Assembly of Nova Scotia Mi’kmaw Chiefs Respond to DFO Announcement
March 4, 2021
While today, Minister Bernadette Jordan, Department of Fisheries and Oceans Canada (DFO), has recognized our Moderate Livelihood Fishery, she has also made unilateral decisions and asserted a position with DFO having full control over our Rights-based fishery. This is unacceptable. The Moderate Livelihood Fishery is a constitutionally protected Mi’kmaw Right and must be Mi’kmaw-led. Twenty years after Marshall was decided, DFO continues to take a colonial approach to this matter, and it is time that Canada moves beyond this mindset.
Canada emphasizes a commitment to “Nation-to-Nation” discussions, yet DFO continues to assert dominance over our Nation – making announcements and decisions, leaving no room for discussion or consultation. This is negligent of promises of working Nation-to-Nation, Rights affirmation, reconciliation and is in complete disregard of our governance and leadership.
DFO is continuing to impose rules without consultation with, accommodation of, or agreement with, the Assembly. Marshall II said that every limitation put on the exercise of our Right must be justified and in consultation with the Mi’kmaq. Minister Jordan’s announcement is premature to any discussions with the Mi’kmaq, disregards the work and efforts of our communities, and is disrespectful to any attempt at collaboration and reconciliation.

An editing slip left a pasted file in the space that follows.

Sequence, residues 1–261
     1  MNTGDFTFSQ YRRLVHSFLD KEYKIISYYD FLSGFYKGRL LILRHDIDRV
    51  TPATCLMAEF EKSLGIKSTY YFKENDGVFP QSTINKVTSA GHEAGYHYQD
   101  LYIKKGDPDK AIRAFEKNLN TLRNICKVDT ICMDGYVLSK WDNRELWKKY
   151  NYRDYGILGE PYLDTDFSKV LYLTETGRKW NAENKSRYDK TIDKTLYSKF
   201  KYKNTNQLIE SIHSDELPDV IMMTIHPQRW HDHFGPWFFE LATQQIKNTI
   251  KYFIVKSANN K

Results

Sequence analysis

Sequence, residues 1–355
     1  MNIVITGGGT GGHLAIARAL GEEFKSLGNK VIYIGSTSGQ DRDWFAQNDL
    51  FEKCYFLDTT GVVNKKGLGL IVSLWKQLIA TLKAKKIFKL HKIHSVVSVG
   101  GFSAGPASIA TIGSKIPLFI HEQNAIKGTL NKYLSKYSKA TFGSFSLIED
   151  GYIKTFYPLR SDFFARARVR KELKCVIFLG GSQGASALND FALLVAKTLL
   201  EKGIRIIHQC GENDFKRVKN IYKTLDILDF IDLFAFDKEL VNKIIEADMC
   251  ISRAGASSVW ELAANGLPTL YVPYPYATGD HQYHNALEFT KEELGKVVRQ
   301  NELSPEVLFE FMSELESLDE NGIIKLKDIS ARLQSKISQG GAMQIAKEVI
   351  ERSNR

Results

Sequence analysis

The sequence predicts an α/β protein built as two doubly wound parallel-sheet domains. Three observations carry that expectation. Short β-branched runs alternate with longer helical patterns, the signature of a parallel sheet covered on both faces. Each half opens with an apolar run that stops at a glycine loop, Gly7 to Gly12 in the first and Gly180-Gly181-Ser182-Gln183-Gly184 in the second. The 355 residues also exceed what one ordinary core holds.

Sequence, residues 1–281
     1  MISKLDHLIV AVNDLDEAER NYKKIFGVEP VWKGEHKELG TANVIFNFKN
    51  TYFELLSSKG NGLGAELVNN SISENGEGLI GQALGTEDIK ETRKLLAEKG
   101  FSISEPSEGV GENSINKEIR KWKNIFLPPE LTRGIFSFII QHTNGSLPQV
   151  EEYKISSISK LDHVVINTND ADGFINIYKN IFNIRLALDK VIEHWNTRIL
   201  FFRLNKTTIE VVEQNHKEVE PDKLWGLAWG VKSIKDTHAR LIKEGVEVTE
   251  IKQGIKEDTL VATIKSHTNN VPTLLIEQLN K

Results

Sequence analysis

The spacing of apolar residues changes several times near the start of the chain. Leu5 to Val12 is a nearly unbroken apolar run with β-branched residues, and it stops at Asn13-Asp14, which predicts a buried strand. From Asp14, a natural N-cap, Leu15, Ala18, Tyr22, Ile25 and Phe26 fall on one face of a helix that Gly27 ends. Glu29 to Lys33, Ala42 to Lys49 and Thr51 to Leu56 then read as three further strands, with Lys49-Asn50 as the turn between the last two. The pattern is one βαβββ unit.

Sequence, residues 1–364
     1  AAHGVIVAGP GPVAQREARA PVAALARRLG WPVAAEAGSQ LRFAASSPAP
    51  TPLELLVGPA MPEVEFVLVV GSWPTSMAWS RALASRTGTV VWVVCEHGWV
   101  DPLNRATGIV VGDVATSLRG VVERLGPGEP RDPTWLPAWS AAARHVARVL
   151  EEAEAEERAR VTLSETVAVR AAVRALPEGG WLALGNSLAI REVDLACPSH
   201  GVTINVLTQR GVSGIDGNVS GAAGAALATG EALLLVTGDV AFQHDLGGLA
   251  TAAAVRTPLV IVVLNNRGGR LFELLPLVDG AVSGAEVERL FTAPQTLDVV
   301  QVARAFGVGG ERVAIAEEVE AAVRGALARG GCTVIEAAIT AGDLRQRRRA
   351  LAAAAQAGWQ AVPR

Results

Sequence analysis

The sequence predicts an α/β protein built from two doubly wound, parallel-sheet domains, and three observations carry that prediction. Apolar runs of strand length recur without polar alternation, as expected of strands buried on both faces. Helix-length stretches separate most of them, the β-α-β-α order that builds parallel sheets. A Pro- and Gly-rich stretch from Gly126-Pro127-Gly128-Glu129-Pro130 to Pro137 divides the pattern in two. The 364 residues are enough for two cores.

“DFO continues to dictate and impose their rules on a fishery that is outside of their scope and mandate,” said Chief Gerald Toney, Assembly’s Fisheries Lead. “The Right to a livelihood fishery is not – and should not be – industry or federal government driven. It is something that needs to come from the Mi’kmaq of Nova Scotia. Imposing restrictions independently, without input of the Mi’kmaq, on our implementation of Rights is an approach that must stop.”
Many Mi’kmaw communities have been working to develop Netukulimk Livelihood Fisheries Plans – based on the Mi’kmaw principle of Netukulimk, taking only what you need and being respectful of the land, animals and environment. Some Mi’kmaw communities have included fishing dates outside of commercial seasons both for the safety of their harvesters who are using much smaller vessels than what is used in the commercial fishery, and our science has shown there is no concern for impacts to the species during those times. DFO has not yet provided us with justification for the imposition of the commercial seasons to our Rights-based fishery.
“DFO must consult the Mi’kmaq, justify their decisions by sharing their data with us if they want to have a discussion – especially on seasons,” continued Chief Toney. “Our communities will continue to build their livelihood plans, with input from our Rights and Environmental organizations, and there is no evidence that our livelihood fishing activity would have a negative impact on the species.”
DFO continues to fail in their duty to consult with the Mi’kmaq and accommodate our concerns. The Assembly is calling on Canada to act in good faith and to meet with us before publicly pushing their agenda any further.
For more information contact:
Crystal Dorey, Communication Manager
Kwilmu’kw Maw-klusuaqn Negotiation Office